Read this series and embrace your humanity.
Tag: dark horse
I cannot tell you how many times I got goosebumps or flailed around and splashed water everywhere or wanted to shriek with excitement or just laughed out loud as I read this volume.
And omg look who has the cover. [trying not to scream] I thought I might just burst with excitement. I opened this today and I was so happy I kinda wanted to cry.
I know this sounds like a bunch of hyperbole, but I really, really, really love this series. And volume four has been a long time coming.
So, in this volume, we catch up to where the anime ended. We get the coup of Orte’s capital and Toyo’s fight with Hijikata. We get the introduction of St. Germi’s very brawny and topless warriors. Nobunaga’s excitement at his musket crew. Hannibal eating raspberries. I love the drama and the expressions and the cartoony reactions and the action and the violence and the humor and the history and every single panel is perfect…It’s all perfect.
We also go a little beyond the anime in that we see Toyo’s condition after his battle with Hijikata (spoiler: he looks like a mummy); we get a peek into Gumbinnen, where Tamon Yamaguchi is with the Hiryu; and while Nobunaga and St. Germi are speculating why the dog-men and cat-men tribes have risen up, I turned the page and laughed so hard. So we get to see what Scipio’s up to as well. 😉
I loved it all.
I don’t know why I put off buying/reading this manga for so long, especially considering how much I love Vinland Saga. This is an excellent read.
The premise is intriguing and the story gets going right off the bat. I like how we’re just immersed in this world with minimal exposition and kind of just learn as we go along. At first I expected a bit more cohesion to the sequence of the story but I grew to like the random arcs. I especially got a kick out of the story of Fee searching for a smoke–it reminded me immensely of Hijikata’s similar predicament in Gintama.
On a more serious note, I was also blown away by the sequence where Hachimaki confronts his inner self while trying to recover from his isolation PTSD. It lined up so perfectly with so many “new age” books I’ve read that I just stared at the page for a while, amazed.
I don’t know that I really buy the Tanabe love interest, but it’s Makoto Yukimura so I’m willing to play along.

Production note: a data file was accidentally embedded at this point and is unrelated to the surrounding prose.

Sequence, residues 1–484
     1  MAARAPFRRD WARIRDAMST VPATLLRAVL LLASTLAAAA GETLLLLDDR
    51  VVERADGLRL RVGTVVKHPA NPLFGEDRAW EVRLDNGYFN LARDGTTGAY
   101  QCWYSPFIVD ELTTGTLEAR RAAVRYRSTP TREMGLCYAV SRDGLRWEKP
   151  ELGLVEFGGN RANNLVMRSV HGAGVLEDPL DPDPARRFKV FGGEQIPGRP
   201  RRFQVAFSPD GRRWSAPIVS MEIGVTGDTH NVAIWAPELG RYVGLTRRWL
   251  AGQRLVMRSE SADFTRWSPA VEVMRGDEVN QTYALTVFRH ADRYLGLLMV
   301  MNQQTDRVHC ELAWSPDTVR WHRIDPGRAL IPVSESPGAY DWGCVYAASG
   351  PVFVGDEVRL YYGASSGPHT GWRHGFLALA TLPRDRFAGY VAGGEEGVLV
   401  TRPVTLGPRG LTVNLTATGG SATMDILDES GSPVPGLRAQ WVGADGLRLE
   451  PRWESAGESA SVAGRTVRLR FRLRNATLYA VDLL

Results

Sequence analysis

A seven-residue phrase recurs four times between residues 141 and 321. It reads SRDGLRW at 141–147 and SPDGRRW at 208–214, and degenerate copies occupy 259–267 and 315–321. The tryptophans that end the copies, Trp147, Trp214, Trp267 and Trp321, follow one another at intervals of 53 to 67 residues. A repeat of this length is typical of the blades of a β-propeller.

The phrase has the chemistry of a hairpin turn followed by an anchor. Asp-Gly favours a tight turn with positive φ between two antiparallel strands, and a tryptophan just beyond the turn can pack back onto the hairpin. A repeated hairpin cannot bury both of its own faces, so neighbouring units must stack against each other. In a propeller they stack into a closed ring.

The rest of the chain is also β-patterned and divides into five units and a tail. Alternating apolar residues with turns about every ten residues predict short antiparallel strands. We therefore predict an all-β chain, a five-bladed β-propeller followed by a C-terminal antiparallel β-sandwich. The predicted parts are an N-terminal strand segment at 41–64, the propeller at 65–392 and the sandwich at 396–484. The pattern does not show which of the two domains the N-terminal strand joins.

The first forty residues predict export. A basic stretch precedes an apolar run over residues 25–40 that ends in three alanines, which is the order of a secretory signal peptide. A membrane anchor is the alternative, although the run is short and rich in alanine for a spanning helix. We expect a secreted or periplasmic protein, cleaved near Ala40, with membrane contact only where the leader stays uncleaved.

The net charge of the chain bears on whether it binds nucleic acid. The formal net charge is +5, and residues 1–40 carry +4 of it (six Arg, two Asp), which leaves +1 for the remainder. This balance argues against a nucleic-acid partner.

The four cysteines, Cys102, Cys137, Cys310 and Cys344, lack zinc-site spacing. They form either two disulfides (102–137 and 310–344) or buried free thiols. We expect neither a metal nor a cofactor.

Toward the end of volume one, we start getting a more steamlined plot with a central focus, moving away from the one-off stories. I’m a sucker for surreal, high self experiences so I really liked the way this volume left us feeling: like bigger, greater things are out there waiting.
Listeners of the podcast know I’m an obsessive, incurable fan of Berserk. So when we finally got volume 38 after approximately a million years, I was really excited. I couldn’t wait to see Guts and see what he was up to now. I mean, it’d been so long I might’ve kind of forgotten what was even going on…
And for the vast majority of this volume, I was still wondering what Guts was up to and what was going on because it turns out this one is all about Rickert. Which isn’t a bad thing; I mean, I like Rickert. It was just unexpected and I started to have this weird feeling that Miura-sensei was trolling us readers and there wouldn’t be any Guts at all in this volume. (Turns out there was, at the very end. So I did get my Guts fix.)
Since I tend to lose track of what’s going on between volumes–I mean, there is a looooong time between–I checked out the opening recap and cast intro pages and was totally confused at Rickert’s because while I’d forgotten a lot, I knew that character bio was totally wrong. His name and picture was correct but the bio was of the goofy guy that’s engaged to Farnese.
Anyway, back to the actual story. It was great to see Rickert and Erica meet up with Luca and the girls. I got a kick out of the scene where they take Erica to the baths because, hey, baths are great. This volume is filled with some very intricate architecture and backgrounds and just panels full of insane detail. My brother always gets mad at me for glossing over those and not appreciating every little detail so this time, I tried to spend more time on those panels. Every time, I thought, “Hmm. This one probably took four months. Try to appreciate it.”
For me, the highlight of this volume was definitely Rickert’s meeting with Griffith. Considering Griffith’s creepy charismatic power over everyone, I was a bit worried at Rickert’s reaction to him and wondered if he’d be sucked into his spell. Instead, I smiled and was relieved and thought, “Bless you, Rickert.” I was really impressed with how that whole meeting was put together and the outcome was totally unexpected.
Then, at the end, we’ve finally arrived at Skellig Island. We get a strong dose of Puck being a total dork, which totally dilutes all the seriousness of the earlier 95% of the volume. But I did enjoy his, uh, backstory.
And then, of course, monsters appear and Guts is about to fight them because that’s what he does and…it ends. Quite abruptly. And in two more years or whenever the next volume comes out, I’m sure I will have forgotten that volume 38 ends with Guts about to fight a giant scarecrow monster.